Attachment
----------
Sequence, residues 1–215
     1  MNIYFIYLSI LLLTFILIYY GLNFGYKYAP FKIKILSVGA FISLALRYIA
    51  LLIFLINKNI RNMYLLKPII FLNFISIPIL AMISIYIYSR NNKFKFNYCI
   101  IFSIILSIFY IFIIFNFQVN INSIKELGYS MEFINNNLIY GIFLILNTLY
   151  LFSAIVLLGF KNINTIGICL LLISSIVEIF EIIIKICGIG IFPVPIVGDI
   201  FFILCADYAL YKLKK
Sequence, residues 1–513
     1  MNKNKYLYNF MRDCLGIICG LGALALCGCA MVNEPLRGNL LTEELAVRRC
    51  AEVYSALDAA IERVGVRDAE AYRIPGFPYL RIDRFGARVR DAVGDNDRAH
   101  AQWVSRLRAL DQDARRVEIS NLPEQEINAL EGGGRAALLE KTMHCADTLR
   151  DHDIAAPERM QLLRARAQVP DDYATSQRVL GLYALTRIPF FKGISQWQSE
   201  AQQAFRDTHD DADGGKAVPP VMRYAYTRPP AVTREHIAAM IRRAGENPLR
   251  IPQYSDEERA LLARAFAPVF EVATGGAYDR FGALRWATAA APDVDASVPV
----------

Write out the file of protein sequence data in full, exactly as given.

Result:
Sequence, residues 1–215
     1  MNIYFIYLSI LLLTFILIYY GLNFGYKYAP FKIKILSVGA FISLALRYIA
    51  LLIFLINKNI RNMYLLKPII FLNFISIPIL AMISIYIYSR NNKFKFNYCI
   101  IFSIILSIFY IFIIFNFQVN INSIKELGYS MEFINNNLIY GIFLILNTLY
   151  LFSAIVLLGF KNINTIGICL LLISSIVEIF EIIIKICGIG IFPVPIVGDI
   201  FFILCADYAL YKLKK
Sequence, residues 1–513
     1  MNKNKYLYNF MRDCLGIICG LGALALCGCA MVNEPLRGNL LTEELAVRRC
    51  AEVYSALDAA IERVGVRDAE AYRIPGFPYL RIDRFGARVR DAVGDNDRAH
   101  AQWVSRLRAL DQDARRVEIS NLPEQEINAL EGGGRAALLE KTMHCADTLR
   151  DHDIAAPERM QLLRARAQVP DDYATSQRVL GLYALTRIPF FKGISQWQSE
   201  AQQAFRDTHD DADGGKAVPP VMRYAYTRPP AVTREHIAAM IRRAGENPLR
   251  IPQYSDEERA LLARAFAPVF EVATGGAYDR FGALRWATAA APDVDASVPV